Key to an effective DRP is a clear understanding of the system architecture and design, with sound knowledge of the risks and weaknesses it brings in support of critical business functions. When the ICT monitoring strategy is based on this framework it will deliver a near real-time health status of the organisation’s ICT environment, allow for planning future capacity, and in the investigation of incidents when they occur. An effective monitoring strategy will be business-focused and not monitoring for monitoring’s sake.

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Conclusion: This month, security issues and responses to threats specific to managed service providers have been discussed. Attacks on vendors can be particularly serious because of provider interaction with customer environments and access to information. These difficulties can be exacerbated by other issues facing vendors, such as obtaining additional resources from contractors, inexperience or lack of expertise with complex, unfamiliar environments. Recent attacks on service providers have raised concerns because of threats to customer environments, as well as flow-on effects such as uncertainties relating to vendors and difficulties establishing trust with customers. New programs, education and vendor collaboration have been launched to address provider-specific security issues. It has been recognised that establishing best practices and protocols to help avert, detect and respond to security threats is required in the industry.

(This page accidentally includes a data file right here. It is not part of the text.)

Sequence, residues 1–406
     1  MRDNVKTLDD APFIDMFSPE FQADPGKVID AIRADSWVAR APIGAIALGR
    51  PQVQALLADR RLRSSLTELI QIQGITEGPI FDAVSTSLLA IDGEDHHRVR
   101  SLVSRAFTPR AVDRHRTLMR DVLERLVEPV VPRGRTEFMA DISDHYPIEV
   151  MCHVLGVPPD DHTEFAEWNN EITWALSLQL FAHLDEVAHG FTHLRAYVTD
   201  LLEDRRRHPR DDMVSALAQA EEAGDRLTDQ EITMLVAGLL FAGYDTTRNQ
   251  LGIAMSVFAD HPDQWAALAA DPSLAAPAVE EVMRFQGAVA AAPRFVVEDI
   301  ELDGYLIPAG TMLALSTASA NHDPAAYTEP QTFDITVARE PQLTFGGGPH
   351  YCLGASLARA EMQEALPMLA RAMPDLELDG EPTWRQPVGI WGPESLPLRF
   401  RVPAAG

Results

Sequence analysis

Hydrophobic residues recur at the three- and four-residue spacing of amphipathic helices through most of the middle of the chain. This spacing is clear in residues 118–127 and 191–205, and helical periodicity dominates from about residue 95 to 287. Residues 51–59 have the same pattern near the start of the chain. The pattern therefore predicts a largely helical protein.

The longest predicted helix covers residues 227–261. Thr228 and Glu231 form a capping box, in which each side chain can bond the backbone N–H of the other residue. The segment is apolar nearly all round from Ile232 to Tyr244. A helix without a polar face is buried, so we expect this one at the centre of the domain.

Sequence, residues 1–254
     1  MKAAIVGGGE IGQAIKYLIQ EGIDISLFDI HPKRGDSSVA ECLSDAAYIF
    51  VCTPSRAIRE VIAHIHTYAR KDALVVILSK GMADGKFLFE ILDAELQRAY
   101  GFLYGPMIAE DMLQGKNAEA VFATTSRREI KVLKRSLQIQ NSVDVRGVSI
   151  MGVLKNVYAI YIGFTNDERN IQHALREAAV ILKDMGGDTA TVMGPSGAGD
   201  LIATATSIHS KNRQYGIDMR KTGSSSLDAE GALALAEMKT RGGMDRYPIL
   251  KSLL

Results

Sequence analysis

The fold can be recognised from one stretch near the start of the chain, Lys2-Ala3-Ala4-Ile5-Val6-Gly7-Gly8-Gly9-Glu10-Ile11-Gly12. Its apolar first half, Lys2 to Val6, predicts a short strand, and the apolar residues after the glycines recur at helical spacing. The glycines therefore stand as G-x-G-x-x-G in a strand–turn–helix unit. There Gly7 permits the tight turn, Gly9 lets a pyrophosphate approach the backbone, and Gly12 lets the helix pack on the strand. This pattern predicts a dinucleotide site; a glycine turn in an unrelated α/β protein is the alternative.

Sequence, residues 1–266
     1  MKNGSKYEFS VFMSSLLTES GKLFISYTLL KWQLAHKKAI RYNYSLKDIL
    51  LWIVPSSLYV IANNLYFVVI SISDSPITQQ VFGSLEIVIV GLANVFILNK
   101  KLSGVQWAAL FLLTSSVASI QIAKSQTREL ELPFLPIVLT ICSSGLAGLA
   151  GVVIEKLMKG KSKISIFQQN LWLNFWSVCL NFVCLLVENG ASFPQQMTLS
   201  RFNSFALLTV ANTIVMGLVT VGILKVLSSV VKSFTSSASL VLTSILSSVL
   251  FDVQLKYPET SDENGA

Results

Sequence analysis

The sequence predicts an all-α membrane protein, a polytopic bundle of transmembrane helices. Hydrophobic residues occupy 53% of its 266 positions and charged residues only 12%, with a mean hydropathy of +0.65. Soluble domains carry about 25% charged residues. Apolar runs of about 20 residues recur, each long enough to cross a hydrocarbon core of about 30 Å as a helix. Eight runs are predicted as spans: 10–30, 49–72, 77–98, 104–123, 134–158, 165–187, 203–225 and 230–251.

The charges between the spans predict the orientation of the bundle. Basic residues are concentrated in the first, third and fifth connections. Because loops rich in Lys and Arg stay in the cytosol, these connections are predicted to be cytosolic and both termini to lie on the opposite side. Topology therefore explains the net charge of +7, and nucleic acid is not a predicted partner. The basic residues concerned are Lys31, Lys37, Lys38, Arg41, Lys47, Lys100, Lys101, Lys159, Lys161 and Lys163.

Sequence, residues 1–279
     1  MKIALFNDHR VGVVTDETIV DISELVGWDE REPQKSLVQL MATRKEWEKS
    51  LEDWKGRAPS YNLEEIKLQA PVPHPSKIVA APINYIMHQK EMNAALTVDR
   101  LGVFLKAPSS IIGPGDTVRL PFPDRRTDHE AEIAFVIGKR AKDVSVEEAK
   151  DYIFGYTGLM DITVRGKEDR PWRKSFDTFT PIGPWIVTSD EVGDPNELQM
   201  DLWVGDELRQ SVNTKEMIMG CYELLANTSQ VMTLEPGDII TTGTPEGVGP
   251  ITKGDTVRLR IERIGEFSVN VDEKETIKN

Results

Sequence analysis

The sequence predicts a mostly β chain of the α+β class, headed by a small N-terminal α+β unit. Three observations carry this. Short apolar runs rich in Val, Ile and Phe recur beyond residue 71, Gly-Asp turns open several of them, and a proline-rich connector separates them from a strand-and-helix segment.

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Conclusion: Organisations develop unique cultures. It may be a deliberate and conscious effort of the executive team to define and put in place a culture which will influence the way the organisation works, its priorities and its attitudes. Or it may just be something that has evolved over time as an organisation has grown, added more employees, expanded its business, or entered new markets or geographies.